A schoolboy from the Netherlands has received a commendation for his proposal to save the eurozone, gaining the attention of some of Europe's foremost economic minds.
Jurre Hermans put together a plan in which the Greek euro would be exchanged for the country's old currency, the drachma, as part of an entry for the Wolfson Prize.
The 11-year-old, who asked for his father’s help only with the translation for his entry, compared the Greek debt to a pizza, suggesting that euros should be exchanged for debt repayment. The returned cash would form a cash pizza, with slices cut off and given to creditors. Those not returning Euros would be fined.
Although the plan didn’t make the final shortlist for the prize, it did receive a special mention.
The competition, which is named after Lord Wolfson and comes with a £250,000 cash prize, posed the following question:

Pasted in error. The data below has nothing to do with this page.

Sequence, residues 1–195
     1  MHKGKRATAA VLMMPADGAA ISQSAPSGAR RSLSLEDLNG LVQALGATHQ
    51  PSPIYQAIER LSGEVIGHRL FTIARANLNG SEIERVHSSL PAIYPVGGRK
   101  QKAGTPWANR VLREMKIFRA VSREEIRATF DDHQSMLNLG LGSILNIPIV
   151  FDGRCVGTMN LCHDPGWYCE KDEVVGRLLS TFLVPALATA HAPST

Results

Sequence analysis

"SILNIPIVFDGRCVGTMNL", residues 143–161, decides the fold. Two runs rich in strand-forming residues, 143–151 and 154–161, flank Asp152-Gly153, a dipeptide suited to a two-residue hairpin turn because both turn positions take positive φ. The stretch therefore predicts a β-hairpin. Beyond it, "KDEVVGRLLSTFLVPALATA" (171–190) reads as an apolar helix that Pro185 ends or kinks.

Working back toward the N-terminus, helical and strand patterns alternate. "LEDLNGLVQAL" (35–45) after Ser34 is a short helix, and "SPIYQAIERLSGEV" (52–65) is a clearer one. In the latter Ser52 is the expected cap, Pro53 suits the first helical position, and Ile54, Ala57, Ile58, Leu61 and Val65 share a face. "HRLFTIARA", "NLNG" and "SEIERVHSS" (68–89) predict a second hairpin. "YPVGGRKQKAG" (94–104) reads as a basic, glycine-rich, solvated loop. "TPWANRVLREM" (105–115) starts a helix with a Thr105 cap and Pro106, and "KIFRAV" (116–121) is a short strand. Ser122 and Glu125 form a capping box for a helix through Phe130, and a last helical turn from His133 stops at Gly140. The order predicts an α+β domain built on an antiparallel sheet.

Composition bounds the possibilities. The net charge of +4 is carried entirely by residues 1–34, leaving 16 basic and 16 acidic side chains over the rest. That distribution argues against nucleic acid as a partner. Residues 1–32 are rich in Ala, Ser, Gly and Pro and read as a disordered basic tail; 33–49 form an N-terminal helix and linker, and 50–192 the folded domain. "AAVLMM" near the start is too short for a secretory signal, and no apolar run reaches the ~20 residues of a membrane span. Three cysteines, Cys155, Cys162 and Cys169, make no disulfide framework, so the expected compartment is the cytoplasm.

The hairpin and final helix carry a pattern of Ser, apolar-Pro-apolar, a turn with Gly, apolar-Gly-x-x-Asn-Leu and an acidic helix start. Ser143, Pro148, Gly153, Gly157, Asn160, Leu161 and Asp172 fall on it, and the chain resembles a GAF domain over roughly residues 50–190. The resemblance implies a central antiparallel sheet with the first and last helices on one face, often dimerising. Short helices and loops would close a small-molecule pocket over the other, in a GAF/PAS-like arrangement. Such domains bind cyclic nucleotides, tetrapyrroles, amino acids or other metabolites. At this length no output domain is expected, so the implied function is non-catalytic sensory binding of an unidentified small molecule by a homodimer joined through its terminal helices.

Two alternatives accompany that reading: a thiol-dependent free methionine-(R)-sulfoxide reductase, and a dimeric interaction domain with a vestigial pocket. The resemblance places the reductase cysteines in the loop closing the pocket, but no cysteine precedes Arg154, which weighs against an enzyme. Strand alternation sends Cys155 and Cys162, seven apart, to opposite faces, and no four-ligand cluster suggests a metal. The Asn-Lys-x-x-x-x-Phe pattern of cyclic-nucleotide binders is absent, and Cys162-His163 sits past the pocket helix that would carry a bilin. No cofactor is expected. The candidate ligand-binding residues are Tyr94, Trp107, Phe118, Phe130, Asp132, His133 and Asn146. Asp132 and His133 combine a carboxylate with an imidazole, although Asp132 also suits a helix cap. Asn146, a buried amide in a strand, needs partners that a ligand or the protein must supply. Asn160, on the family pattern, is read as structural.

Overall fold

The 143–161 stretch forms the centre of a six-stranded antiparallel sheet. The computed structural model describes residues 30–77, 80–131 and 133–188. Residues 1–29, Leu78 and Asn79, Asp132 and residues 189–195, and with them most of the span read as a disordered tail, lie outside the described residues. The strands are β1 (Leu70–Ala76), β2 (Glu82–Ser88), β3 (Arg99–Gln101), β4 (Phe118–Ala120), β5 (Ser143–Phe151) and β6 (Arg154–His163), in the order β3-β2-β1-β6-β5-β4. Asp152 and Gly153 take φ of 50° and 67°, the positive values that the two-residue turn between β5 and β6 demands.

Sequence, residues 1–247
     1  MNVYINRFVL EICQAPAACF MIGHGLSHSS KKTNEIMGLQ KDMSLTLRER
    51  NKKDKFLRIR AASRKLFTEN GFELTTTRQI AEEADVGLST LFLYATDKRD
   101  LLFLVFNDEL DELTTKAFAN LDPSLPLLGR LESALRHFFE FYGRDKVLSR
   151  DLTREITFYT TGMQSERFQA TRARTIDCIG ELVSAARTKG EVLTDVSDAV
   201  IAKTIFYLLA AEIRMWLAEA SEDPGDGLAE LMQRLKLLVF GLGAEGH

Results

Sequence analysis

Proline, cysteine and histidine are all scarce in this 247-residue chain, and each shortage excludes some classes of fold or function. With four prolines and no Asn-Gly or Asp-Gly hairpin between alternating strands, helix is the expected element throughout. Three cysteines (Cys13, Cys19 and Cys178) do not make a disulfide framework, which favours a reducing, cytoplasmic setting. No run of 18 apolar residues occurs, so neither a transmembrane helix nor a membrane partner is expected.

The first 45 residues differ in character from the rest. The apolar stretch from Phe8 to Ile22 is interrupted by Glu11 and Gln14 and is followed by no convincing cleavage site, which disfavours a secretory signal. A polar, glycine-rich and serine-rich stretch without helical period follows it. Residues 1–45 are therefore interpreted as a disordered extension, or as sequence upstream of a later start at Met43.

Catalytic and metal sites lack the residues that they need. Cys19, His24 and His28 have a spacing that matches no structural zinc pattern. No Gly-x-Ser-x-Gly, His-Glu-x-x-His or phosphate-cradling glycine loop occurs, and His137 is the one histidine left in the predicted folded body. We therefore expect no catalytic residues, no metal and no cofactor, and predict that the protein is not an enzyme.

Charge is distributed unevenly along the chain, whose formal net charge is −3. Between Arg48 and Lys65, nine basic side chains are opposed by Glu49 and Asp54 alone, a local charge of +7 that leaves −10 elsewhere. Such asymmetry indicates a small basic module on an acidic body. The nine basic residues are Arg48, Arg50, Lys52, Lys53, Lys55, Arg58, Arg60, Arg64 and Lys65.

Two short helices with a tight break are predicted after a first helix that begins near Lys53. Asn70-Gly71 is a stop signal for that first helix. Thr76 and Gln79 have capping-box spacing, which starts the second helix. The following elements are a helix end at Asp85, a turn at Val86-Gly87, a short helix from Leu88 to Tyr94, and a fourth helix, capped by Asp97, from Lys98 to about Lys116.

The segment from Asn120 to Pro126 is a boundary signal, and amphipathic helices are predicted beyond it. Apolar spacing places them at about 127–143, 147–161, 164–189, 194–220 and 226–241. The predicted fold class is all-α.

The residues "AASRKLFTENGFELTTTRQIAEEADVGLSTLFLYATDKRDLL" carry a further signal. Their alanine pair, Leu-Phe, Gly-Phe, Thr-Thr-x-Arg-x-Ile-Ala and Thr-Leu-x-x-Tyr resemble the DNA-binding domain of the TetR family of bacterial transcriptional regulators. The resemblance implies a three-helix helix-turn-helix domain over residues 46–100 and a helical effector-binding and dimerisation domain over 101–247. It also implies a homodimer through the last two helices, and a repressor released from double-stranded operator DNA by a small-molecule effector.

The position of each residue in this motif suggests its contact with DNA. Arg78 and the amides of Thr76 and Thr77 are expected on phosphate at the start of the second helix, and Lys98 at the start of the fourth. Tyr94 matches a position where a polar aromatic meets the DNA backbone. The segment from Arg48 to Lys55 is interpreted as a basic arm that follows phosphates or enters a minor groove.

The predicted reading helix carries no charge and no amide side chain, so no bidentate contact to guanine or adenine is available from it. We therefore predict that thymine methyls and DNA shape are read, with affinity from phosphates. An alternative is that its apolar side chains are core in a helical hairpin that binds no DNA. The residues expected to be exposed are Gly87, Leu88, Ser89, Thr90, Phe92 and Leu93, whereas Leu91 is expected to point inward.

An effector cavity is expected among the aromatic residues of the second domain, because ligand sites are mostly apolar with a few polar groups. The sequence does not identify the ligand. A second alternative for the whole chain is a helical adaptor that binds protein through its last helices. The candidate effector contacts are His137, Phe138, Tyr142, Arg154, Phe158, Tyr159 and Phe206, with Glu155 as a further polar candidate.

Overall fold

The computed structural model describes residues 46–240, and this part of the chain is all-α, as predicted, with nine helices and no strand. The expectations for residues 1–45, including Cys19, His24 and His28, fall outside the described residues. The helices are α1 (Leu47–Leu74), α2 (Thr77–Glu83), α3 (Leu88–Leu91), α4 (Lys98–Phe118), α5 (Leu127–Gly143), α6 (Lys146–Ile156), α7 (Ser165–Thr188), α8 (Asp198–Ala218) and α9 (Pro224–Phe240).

"If member states leave the Economic and Monetary Union, what is the best way for the economic process to be managed to provide the soundest foundation for the future growth and prosperity of the current membership?"
On the prize, Lord Wolfson told the BBC: "What we are looking for is a way that if the eurozone collapses, contracts [then] people's debts, mortgages can be managed to cause the minimum amount of pain when the structure collapses and to leave Europe in the best possible position to return to prosperity."
Hermans said he came up with a plan because he was worried about the current state of the eurozone.
"I am quite worried about the euro crisis and look at the TV news daily,” read his submission. “The euro crisis is a big problem. I think about solutions. Since I read in the newspaper about your price, I thought that I would like to submit my idea."
Those shortlisted for the prize are: